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Buffalo gardener sells produce

by Wyoming Livestock Roundup

As the days get longer and the sun gets warmer, one can find Chanda Rule out in her garden more often than not. A bookkeeper by trade, Rule has taken her hobby of gardening and turned it into a successful business. 

Rule lives with her husband Travis and their children, Calvin, Lexi and Tess on her husband’s family ranch. She shares she started her garden before the house was even built.   

“At first it just looked like a bunch of rocks out in the pasture and people were calling my father-in-law asking him about the headstones in the field,” Rule says with a laugh.

Growing up in Ohio, Rule mentions her family always had a garden, so it only made sense for her to continue the tradition. The garden started as a means to feed their family not only fresh produce, but also preserving and freezing a variety of the produce to eat through the winter. 

“I’ve had a garden for about 20 years now, Travis and I put the hoop house in about 10 years ago. There was some funding from the U.S. Department of Agriculture and the Natural Resources Conservation Service to help with the cost and the irrigation for the garden,” says Rule. 

Eventually, she was growing enough produce to give the excess to friends, and as the garden continued to grow, she decided to try her luck with the local farmers’ market. 

“When we were still doing the farmers’ markets we had everyone involved. A friend would come out and we would pick all day. It was really hard on the garden, not everything is ready on the same day, and it would take all week for the plants to try and catch back up,” Rule says. 

After picking all day, there would still be hours of work ahead of them getting ready for the farmers’ market. 

“We’d pack everything up, go set up and stand down there for two hours. If we didn’t end up selling out, we would spend another couple of hours unpacking and putting away whatever was leftover. It just made for some very long days and was just too much for the garden,” she explains. 

Roadside produce stand 

The solution to their conundrum was a roadside produce stand in their front yard. The building was formerly used by the local FFA chapter to sell fireworks as a fundraiser, but when it came up for sale, Rule’s father-in-law saw an opportunity for her.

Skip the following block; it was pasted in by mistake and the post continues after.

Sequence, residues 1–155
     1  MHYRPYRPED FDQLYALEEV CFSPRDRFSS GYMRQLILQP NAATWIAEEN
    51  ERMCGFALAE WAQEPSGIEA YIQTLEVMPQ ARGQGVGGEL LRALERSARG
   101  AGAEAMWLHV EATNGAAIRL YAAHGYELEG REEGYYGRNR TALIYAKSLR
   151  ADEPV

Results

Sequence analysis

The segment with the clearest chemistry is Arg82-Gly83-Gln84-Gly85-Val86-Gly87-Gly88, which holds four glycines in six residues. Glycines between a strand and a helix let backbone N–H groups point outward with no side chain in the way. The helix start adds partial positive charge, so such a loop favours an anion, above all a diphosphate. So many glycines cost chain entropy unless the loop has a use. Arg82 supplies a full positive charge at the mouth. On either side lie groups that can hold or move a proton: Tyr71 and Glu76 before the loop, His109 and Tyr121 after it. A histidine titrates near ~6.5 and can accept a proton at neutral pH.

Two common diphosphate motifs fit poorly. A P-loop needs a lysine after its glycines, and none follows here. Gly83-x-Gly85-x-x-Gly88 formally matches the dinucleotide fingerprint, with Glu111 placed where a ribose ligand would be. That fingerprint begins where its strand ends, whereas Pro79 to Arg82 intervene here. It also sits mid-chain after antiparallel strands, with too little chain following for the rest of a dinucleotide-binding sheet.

“Tom thought I needed the little building long before I did, but it has worked out really well for us,” says Rule. 

The produce stand is open every day in the summer. Rule goes out and picks whatever is ready in the garden every morning and opens the stand midmorning for customers to peruse. 

“It’s an honor box system, which really surprises people. I tell people just to make change out of the coffee can because I’m not in there all day,” Rule explains. 

Many locals stop on their way home to grab some produce for dinner, and Rule notes there has been an increase in out-of-state license plates the last couple of years. 

A family affair

“The kids have always been a huge help,” says Rule. “When they were younger, they would always clean up at the state 4-H produce judging contest just because we always have been particular about what we pick to sell.” 

“And because of all of the time spent at farmers’ markets, they have great people skills and can make change faster than I can,” she adds. “So, I hope they learned some life skills from it.”

Calvin will be a sophomore at Casper College this fall, where he is studying fire science and rangeland management, Lexi will be running track and cross country at Chadron State University this fall as a freshman, where she will study elementary education and Tess is a junior at Buffalo High School, which means her readily available source of labor is dwindling. Rule relies on their muscles to help with rototilling, planting and harvesting. 

Calvin’s time in high school shop class resulted in multiple innovations for the garden, which have been instrumental in the success of the business. From portable supports helping plants grow vertically in the hoop house, to a collapsible picking basket attached to old skateboard wheels, his welding skills have proven to be extremely helpful. 

“You have to get a little innovative,” Rule says. “The custom supports in the hoop house allow us to focus on growing plants vertically since horizontal space, especially in the hoop house, is a premium.”

“We use baling twine and clips to help hold the vines up, which helps prevent disease and keep the mice out,” she says. “I rotate my beds and the use of black plastic helps with weeds. We use drainage tiles for wind protection. It’s been trial and error.”

Rule grows all of the staples – tomatoes, squash, herbs, etc., but she also grows more exotic produce. In the past she’s tried okra, Chinese long beans, tomatillos, and this year she is giving jicama a try. 

“Grow what you love. I will be 103 and have tomato plants some place,” says Rule with a big smile. “There’s not a tomato I don’t like.”

Golden Rule Produce has come a long way from its humble beginnings with a few rock markers in the pasture. You can find Rule and her Golden Rule Produce stand at 12 Green Trees Road, just outside of Buffalo. 

“Digging in the dirt is good for the soul. I am so blessed with so many things,” Rule says.

Tressa Lawrence is a corresponding writer for the Wyoming Livestock Roundup. Send comments on this article to

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